In the United States, there is a complex set of rules that must be followed during all court cases. These rules are designed to ensure that everyone involved in a case gets a fair hearing, and that there is consistency between cases. Although an immigration removal proceeding may resemble a court case, it is actually an administrative hearing. This means that different standards and rules apply than if it were a court case, but there is still the fundamental goal of ensuring that the proceeding is fair to all parties involved.
Evidence consists of testimony and physical objects that are presented in a case to prove or disprove a point. In the case of immigration removal proceedings, the rules regarding evidence are different from the rules in a judicial case.
To prove your case at an immigration removal hearing, or to disprove the government's case, you'll need to provide evidence that supports your claim to remain in the country.
One of the most significant differences between a removal proceeding and a judicial case is that removal proceedings don't follow the rules of evidence, which govern how evidence can be used and presented in a case. For example, the rules of evidence forbid the use of hearsay (which is information that's not presented, first hand, to the court), but removal proceedings permit hearsay if it's reliable and credible.
Removal proceedings instead require evidence to be clear, unequivocal and convincing. If questions arise about whether evidence certain is permitted, the immigration judge must determine whether the evidence is reliable and fair.
Immigration removal proceedings do follow these rules regarding evidence:
- The alien can present evidence in his or her defense
- The alien has a right to cross-examine witnesses
- The alien has a right to examine evidence against him or her
- Subpoenas (an order directing someone to appear in a legal proceeding or to produce physical evidence) are permitted if a witness won't cooperate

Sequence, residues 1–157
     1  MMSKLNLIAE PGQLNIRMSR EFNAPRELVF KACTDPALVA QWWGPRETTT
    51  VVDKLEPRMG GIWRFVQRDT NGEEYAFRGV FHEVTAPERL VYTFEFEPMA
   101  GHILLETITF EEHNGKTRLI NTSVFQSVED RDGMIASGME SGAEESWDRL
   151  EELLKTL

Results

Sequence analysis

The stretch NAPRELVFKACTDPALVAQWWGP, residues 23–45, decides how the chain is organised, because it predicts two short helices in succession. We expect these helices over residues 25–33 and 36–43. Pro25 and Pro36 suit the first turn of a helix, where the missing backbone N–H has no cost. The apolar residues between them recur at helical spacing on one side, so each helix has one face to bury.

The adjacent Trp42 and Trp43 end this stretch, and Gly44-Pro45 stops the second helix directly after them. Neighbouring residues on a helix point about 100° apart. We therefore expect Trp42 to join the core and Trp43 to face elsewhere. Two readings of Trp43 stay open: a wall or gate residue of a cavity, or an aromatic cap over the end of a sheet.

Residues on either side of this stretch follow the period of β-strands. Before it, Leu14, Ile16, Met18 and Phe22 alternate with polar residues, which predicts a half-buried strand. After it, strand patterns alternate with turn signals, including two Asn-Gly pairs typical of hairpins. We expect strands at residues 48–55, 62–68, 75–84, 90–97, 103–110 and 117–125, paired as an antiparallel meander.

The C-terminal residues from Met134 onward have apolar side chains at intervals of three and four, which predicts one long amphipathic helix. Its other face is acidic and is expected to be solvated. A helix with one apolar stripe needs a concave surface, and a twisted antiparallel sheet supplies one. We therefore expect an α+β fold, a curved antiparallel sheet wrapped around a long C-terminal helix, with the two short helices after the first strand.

- Discovery (the structured information-gathering process in a legal action) isn't always permitted, and can be fairly limited if it is allowed
Admissibility of Evidence
During a removal hearing, it is the judge's responsibility to determine which pieces of evidence will be permitted. If the judge decides that certain evidence is unreliable or if there are questions as to whether the evidence is accurate, the judge may decide that the evidence is inadmissible. The judge will ignore inadmissible evidence when making his or her decision in the case.
For example, if the alien has made statements under duress or coercion, then the alien or his lawyer can argue that the statements were made simply to satisfy the person who was asking the questions and should not be admitted into evidence.
Similarly, if official documents are presented as evidence, then the documents usually must be authenticated (that is, an expert must prove that they are genuine) before they can be admitted into evidence.
The immigration judge's decision must be based upon evidence presented at the hearing. In other words, the immigration judge must look at the facts that were presented by both sides, then apply the relevant immigration laws to those facts in order to reach a verdict. This ensures that the immigration judge reaches an impartial verdict, and isn't swayed by emotional issues.
Questions for Your Attorney
If you are facing a removal proceeding, it makes sense to hire an attorney to represent you and argue your case before the immigration judge. This is a serious legal hearing, and an immigration attorney will be able to guide you through the process.
Among the questions to consider asking your lawyer:
- Do you have prior experience handing immigration issues?
- Have you previously represented a client in a removal proceeding?
- What types of evidence do you need to help present my case?
- How much do you charge for your services?
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